Invasive plant pathogens represent a threat to US agriculture, forestry and the environment. Accurate information on these pathogens is required to help prevent their introduction and spread. The Plant Pathogens Subcommittee of the US Federal Interagency Committee on Invasive Terrestrial Animals and Pathogens (ITAP) has identified the worst plant pathogen threats to the USA. CABI is commissioning the compilation of data on these plant pathogens to be published as full datasheets in the Invasive Species Compendium [www.cabi.org/isc] (an open access global resource currently containing over 10,000 datasheets).
Invasive species are causing species extinction. We are trying to address this problem by providing sound scientific information that will be used by endangered species managers to improve their efforts to recover listed and candidate species affected by invasive species. The information will also be used by invasive species managers to control invasive species that are causing species extinction in the USA.
An invasive weed with close relatives among native species is a challenge for biological control. Houndstongue was introduced accidentally to North America from Eurasia in the mid-19th century. It has since invaded most Canadian provinces and adjacent US states. There are many native plants in the USA in the same family as houndstongue. CABI staff in Switzerland are investigating specialized natural enemies in the area of origin of the weed that could be introduced as biological control agents.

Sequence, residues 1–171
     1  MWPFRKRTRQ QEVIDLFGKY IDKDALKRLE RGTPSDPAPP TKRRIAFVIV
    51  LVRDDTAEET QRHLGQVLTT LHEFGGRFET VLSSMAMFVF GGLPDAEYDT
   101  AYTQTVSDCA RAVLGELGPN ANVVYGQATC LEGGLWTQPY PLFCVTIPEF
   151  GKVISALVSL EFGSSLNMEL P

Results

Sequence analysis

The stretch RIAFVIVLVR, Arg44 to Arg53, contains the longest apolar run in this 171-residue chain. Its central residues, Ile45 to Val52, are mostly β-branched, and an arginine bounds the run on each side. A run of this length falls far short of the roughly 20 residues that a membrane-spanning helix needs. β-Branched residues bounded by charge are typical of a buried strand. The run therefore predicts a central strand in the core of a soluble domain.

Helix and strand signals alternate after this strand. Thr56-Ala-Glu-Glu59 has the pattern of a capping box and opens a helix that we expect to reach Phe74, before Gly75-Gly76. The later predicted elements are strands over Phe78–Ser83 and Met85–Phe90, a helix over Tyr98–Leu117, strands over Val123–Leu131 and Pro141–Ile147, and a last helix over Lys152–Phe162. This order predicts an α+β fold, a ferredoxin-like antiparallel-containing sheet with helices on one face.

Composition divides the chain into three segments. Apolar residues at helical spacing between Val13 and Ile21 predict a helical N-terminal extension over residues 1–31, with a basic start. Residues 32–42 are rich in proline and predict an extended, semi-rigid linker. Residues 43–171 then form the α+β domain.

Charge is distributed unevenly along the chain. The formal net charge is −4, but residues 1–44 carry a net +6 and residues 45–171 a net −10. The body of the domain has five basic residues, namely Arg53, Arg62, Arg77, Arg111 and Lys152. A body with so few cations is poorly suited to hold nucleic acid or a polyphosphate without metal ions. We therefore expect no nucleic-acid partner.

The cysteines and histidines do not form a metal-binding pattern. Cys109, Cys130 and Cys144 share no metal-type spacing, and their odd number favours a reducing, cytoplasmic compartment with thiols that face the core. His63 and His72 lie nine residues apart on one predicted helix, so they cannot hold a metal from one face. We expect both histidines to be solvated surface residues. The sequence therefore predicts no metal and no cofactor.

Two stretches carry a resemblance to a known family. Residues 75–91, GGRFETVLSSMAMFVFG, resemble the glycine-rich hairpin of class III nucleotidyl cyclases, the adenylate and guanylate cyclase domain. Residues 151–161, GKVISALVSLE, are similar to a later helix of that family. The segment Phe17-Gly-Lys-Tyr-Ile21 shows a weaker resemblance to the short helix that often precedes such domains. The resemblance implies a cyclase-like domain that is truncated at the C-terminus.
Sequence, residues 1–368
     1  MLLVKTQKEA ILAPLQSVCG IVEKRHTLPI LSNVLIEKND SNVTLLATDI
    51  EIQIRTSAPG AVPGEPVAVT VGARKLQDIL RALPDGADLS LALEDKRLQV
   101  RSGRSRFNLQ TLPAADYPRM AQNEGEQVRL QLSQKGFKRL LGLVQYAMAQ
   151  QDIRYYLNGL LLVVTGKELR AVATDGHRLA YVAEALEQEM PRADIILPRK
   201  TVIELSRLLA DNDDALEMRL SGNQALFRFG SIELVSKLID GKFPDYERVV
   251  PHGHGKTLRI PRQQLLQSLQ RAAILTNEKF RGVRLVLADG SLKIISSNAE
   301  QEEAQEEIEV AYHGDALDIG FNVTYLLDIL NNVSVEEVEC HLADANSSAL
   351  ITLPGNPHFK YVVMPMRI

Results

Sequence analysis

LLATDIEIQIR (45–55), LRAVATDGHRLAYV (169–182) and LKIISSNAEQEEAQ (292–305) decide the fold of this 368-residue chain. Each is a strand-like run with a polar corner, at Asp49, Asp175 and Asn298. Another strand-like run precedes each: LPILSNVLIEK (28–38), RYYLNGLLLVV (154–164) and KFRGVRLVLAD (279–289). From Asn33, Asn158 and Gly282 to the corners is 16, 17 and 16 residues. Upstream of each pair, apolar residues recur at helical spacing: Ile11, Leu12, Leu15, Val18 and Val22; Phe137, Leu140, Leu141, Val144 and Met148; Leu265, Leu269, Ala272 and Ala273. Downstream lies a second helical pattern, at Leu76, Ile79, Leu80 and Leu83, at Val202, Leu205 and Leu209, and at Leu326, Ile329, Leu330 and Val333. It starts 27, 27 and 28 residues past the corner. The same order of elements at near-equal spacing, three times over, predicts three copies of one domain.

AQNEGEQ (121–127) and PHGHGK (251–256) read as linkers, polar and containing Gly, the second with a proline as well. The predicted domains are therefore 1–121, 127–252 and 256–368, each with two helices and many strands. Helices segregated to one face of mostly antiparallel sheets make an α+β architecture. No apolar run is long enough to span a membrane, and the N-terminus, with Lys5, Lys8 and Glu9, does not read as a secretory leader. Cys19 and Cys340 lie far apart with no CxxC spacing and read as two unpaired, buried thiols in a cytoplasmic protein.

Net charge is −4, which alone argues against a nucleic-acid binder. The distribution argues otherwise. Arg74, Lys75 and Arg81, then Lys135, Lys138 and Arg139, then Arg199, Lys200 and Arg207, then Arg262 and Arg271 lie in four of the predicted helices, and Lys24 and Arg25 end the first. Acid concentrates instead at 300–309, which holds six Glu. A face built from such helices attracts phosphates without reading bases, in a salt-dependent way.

Swallow-worts (Vincetoxicum nigrum and V. rossicum) are Eurasian plants that have become invasive in North America. The overall goal of the project is to identify specific natural enemies that can be introduced to North America as biological control agents for swallow-worts.
Native to Europe, toadflaxes were introduced to the USA and Canada over 100 years ago as ornamental plants. They now occur over much of temperate North America and are declared noxious in eight US states. CABI identifies specific natural enemies that can be introduced into North America as biological control agents to reduce the vigour, density and spread of this invasive plant.
Russian olive is a significant invasive weed in North America but is perceived as a useful and attractive tree by some stakeholders. It is especially a problem in western parts of the USA where it affects many natural habitats, altering the ecosystem and its functions. Biological control is a useful approach in such circumstances because scientists can look for natural enemies that damage reproduction, and thus future spread, without damaging established trees.